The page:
Between 1776 and 1815, Britain was at peace for just 10 years, and reading the Scottish defense of free trade without this in mind is a mistake.
What is modern economic growth, and why was it invented in the West? These questions have preoccupied historians for a long time. They typically focus on one, big explanation, going for an all-encompassing cause. This makes for good debates but not necessarily for good history.
In The Wealth Explosion: The Nature and Origins of Modernity, Stephen Davies takes a different course. Davies, Head of Education at London’s Institute of Economic Affairs, allows readers to develop a panoramic view. This is fitting, as there really aren’t simple answers to the question of where modern economic growth comes from.
Davies considers modernity as one of the great fractures in human history, comparable to the transition from the Palaeolithic to the Neolithic Age, when man first domesticated animals and started to trade, and to the advent of agriculture. Modernity brought fundamental changes in human life, which percolated in every aspect of society. When Reverend Thomas Malthus published his Essay on Population in 1798, the observable reality was that “all human beings, even many of the wealthy, were always living on the edge of dearth and famine.” Sure enough, Malthus “proved to be one of the worst prophets ever,” writes Davies, “given the way things have worked out from his time to our own,” but he described well the world he knew. Resource constraints made human civilization seem a rather precarious thing.
Malthus Versus Simon
If we now think civilization stands on firmer ground, it is precisely because innovation has unleashed unprecedented growth. In a world that keeps breaking the chains of scarcity, “a growing population is not the inevitable premise of mass starvation. But, on the contrary, hands and heads that can further contribute to creating prosperity and wealth.” Two centuries after Malthus, economist Julian Simon could label human beings themselves as “the ultimate resources.” We all know that each of us is at the same time a resource and a constraint for others, if only for elbow room. How much of a resource and how much of constraint largely depends on our circumstances. In a world of economic growth and open-ended innovation, Simon, not Malthus, proved to be right.
This is the gist of modern economic growth: something that not only provides more, but does so for more people. As Davies reminds us,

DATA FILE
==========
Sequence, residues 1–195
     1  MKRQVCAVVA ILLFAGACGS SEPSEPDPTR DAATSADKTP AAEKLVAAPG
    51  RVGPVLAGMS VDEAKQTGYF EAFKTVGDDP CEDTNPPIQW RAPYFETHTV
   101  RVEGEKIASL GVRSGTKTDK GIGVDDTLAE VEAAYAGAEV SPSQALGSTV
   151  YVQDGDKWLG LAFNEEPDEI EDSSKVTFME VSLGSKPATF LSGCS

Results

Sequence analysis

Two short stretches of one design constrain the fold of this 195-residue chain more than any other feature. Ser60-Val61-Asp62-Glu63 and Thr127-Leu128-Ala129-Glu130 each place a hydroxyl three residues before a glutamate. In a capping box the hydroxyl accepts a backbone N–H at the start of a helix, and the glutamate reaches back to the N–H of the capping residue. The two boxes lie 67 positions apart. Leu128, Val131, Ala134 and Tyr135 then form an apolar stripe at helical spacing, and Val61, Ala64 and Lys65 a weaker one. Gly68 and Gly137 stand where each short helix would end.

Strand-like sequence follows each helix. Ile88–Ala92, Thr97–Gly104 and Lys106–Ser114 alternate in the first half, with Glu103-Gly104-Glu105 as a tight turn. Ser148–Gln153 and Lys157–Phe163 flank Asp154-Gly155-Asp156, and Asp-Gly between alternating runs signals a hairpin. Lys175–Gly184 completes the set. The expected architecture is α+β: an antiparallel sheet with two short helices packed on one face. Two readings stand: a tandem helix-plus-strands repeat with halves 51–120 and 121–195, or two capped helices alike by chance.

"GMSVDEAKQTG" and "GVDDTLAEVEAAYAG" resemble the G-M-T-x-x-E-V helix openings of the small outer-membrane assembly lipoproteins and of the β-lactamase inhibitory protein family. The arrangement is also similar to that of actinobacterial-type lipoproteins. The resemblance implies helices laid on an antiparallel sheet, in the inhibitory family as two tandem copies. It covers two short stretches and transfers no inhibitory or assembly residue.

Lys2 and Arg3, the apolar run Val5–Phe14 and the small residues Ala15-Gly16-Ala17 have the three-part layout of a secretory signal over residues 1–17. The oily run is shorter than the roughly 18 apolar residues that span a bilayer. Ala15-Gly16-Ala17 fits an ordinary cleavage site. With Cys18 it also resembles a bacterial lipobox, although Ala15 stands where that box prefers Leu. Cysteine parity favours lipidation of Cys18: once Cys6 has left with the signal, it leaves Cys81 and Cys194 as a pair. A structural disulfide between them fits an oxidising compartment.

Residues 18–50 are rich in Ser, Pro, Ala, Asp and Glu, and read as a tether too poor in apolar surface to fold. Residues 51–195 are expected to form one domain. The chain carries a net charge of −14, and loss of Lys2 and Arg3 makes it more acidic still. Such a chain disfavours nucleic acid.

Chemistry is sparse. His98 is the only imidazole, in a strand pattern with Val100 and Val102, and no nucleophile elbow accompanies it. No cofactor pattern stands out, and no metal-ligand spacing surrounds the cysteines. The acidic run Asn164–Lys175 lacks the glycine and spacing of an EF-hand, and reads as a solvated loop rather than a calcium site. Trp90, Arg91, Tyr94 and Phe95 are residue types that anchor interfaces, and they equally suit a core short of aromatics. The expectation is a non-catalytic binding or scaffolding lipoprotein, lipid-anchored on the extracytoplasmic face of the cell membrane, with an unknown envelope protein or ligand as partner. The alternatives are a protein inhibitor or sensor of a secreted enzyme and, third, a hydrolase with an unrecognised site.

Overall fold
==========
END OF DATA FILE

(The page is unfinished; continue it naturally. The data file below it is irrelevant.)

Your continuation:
After slightly more than a century of steady growth total world population reached one billion around 1830. It then doubled to two billion by 1930 and then doubled again by 1975 … not only is the world’s population much larger now than at any time in the past but the rate at which population has increased has accelerated dramatically.
Just think about our own lifetime. Although in 1990, two billion people were living on less than two dollars a day all over the world, in 2015, 705 million people were doing so. In those 25 years, the world population rose from 5.3 billion to some seven billion.
Yet modernity is not exclusively modern economic growth, but rather all that surrounds (and perhaps enables) that growth. Intensive economic growth is a necessary component of this multifaceted phenomenon, but so are population growth, urbanization, and rapid and sustained technological change. Nor does economic change happen in a vacuum: Secularism and a more individualistic way of living are part of modernity, as are the development of “critical rationalism,” the abolition of slavery, and the extension of sympathetic relations well beyond the family sphere.
In this work, Davies avoids normative speculation. He doesn’t consider whether a more traditional or religious approach to life can be fully compatible with industrialization and modern economic growth, a matter dear to the hearts of conservatives of all latitudes. His ambition is to make sense of those big trends that, put together, give us an idea of what modernity is. The fact that religion no longer occupies center stage in human life, and underwent a divorce from modern political power, is certainly one such trend. For Davies modernity is thus made of mutually dependent parts, each of which could perhaps exist on its own, but all of which have somehow paved the way for the others.
For all who know him, Steve Davies is a more accurate surrogate of Wikipedia. A photographic memory and the closest approximation of omniscience ever displayed by a human being are the distinctive traits of this St. Andrews University-educated historian. Davies’s passionate erudition comes through in every chapter of the book, which carefully presents competing theses on why modernity first happened here—“here” meaning Europe, and more precisely, Northern Europe, and even more precisely the Dutch Republic and the United Kingdom. This book will prove invaluable to the student seeking a gateway to a complex historical debate. But it will also be extremely helpful to the more experienced reader, for whom it will be a true compass to navigate the intricacies of historical interpretation.
For Davies, there was nothing inevitable about modernity nor about the Industrial Revolution. Modern economic growth could have developed somewhere else and at some other time—say, in China under the Song dynasty (960–1279). Yet that road was not taken, and that made all the difference. How come? Some historians—David Landes is cited in this connection—have put forth “Western exceptionalism” as the driver of modern progress. Others have rejected this hypothesis, arguing that Europe’s recent rise to prominence is due to its predatory policies, which drained resources from the rest of the world. Davies is most at home with those who “accept that there was nothing distinctive about Europe for most of the world’s history . . . but . . . argue that something happened within Europe not too long before the transformation’s commencement.”